by Samantha James

A widening gap

The demand supply gap opens for IPPs in West Africa

The gap for IPPs in Western Africa is increasing as need for energy increases
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New analysis from Frost & Sullivan (http://www.energy.frost.com), Investment Opportunities for Independent Power Producers in West Africa – Update, covers the power sector in Nigeria, Ghana, Ivory Coast and Senegal. The research reveals that many customers in these countries will be willing to pay a higher tariff for more reliable electricity supply.

“Reliable energy supply is very important to support the growing economies of West Africa,” explained Frost & Sullivan’s Energy and Power Supplies Research Analyst Tanye ver Loren van Themaat. “The majority of the region does not have adequate electricity infrastructure to meet this escalating demand; governments have under-invested in electricity infrastructure, which has led to power outages and load shedding on a regular basis.”

To bridge the gap between supply and demand, most West African countries have started a process of power sector reform, paving the way for the entry of IPPs.

The path to greater IPP involvement is, however, riddled with potholes. Electricity tariffs in West Africa are not cost-reflective yet, but most countries are working towards more reflective tariffs. And while reforms have been initiated in the power sector, key legislation is often inadequate to facilitate effortless deregulation.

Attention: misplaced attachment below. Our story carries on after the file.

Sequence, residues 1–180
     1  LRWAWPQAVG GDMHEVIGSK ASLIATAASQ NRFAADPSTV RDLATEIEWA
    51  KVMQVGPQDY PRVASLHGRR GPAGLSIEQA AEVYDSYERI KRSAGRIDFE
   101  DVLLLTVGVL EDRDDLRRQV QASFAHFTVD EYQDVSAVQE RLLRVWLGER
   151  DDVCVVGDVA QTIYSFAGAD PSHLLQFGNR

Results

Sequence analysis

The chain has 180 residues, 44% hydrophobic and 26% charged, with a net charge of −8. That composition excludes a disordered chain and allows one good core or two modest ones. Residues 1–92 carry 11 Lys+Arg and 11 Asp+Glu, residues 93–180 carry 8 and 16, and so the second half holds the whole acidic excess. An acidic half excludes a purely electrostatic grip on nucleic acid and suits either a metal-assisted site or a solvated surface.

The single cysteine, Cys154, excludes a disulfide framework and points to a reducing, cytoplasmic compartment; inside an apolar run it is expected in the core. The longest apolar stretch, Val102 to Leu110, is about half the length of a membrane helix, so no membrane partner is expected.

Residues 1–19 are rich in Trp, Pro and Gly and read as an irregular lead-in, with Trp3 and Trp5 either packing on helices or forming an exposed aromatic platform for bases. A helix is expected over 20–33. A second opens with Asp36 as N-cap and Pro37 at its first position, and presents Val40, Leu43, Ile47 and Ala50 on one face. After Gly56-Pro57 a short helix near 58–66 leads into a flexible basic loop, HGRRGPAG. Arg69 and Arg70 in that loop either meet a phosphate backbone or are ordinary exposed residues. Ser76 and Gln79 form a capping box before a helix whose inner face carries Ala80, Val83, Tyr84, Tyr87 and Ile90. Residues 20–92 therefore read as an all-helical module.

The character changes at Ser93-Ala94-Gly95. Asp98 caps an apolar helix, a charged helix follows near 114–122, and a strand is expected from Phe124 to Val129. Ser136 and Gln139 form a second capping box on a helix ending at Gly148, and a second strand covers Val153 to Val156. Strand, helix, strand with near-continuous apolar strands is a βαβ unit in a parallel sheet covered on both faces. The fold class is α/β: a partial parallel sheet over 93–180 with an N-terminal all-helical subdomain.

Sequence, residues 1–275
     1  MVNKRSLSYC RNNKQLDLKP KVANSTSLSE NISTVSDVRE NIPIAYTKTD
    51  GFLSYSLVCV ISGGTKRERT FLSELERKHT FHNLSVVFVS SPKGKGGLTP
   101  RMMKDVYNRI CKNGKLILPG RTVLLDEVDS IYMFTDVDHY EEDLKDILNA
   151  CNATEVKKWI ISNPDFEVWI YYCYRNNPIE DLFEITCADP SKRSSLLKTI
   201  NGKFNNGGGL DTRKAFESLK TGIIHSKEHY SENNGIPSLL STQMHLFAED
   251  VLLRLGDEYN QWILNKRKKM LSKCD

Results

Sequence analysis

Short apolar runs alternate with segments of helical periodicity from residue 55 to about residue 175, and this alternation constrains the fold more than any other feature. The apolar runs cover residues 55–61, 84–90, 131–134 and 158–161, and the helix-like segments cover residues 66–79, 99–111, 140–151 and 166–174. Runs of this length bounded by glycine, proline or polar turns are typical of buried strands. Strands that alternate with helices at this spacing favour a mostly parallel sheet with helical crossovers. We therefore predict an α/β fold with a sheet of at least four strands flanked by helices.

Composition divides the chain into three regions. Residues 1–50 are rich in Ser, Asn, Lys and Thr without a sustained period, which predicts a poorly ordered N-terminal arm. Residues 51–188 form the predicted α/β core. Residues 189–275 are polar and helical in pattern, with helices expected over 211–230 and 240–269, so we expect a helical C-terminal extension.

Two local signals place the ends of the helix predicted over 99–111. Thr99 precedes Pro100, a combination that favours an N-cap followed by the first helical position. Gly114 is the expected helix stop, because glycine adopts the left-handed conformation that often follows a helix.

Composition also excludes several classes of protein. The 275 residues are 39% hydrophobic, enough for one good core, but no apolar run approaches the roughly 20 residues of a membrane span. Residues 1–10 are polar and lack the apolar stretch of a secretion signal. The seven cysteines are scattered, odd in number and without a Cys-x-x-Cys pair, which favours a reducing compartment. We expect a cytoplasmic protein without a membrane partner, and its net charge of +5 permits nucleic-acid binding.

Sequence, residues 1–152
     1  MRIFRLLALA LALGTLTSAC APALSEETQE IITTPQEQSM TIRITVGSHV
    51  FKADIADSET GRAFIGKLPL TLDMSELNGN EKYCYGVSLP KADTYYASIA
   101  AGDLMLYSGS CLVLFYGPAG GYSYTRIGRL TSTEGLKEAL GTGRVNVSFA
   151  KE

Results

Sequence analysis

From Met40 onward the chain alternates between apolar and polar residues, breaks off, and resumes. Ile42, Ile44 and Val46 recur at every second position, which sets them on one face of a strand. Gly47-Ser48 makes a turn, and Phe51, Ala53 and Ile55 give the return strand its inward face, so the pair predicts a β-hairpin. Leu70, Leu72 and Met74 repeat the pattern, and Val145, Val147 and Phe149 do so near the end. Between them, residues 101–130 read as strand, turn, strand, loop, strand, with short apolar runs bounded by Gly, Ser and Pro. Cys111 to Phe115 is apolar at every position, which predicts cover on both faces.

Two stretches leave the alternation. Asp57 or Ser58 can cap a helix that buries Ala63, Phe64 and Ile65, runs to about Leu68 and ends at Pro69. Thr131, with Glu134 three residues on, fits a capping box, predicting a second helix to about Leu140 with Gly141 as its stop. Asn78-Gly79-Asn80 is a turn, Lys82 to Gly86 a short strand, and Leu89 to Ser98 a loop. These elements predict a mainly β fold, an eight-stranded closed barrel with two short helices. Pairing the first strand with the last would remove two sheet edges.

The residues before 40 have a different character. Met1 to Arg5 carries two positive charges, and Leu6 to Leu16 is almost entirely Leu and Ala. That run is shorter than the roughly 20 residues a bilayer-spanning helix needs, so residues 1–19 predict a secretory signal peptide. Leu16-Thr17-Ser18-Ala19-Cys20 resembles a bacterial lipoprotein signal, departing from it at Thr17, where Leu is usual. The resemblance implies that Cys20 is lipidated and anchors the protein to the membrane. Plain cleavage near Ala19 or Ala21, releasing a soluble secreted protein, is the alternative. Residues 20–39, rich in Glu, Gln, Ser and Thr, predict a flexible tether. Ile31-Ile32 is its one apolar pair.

“Reliable gas supply is another area of concern,” added van Themaat. “The investment opportunities for IPPs are influenced by the uncertainty of gas supply, due to complications with West Africa’s gas pipelines and rampant gas flaring.”

IPPs that want to invest in West Africa will first need to ensure that there is reliable gas supply to run its power plants on. It is important that Power Purchase Agreements (PPAs) are structured correctly for both the country and investors to realise benefits.

“An understanding with the electricity regulator must be reached as to how the electricity tariffs will be structured.  The will ensure the power company has a fair chance at making a suitable profit, while keeping the tariffs affordable,” advised van Themaat. “IPPs will need to conduct research about the legal and regulatory environment, as well as how well the deregulation process has been implemented in the countries they want to invest in.”

If you are interested in more information on this study, please send an e-mail with your contact details to Samantha James, Corporate Communications, at samantha.james@frost.com.

Investment Opportunities for Independent Power Producers in West Africa – Update is part of the Energy & Power Growth Partnership Service programme, which also includes research in the following markets: Financing Energy Projects in Africa and, Technology and Cost Comparison for Various Energy Types in South Africa. All research included in subscriptions provide detailed market opportunities and industry trends that have been evaluated following extensive interviews with market participants.

 

 

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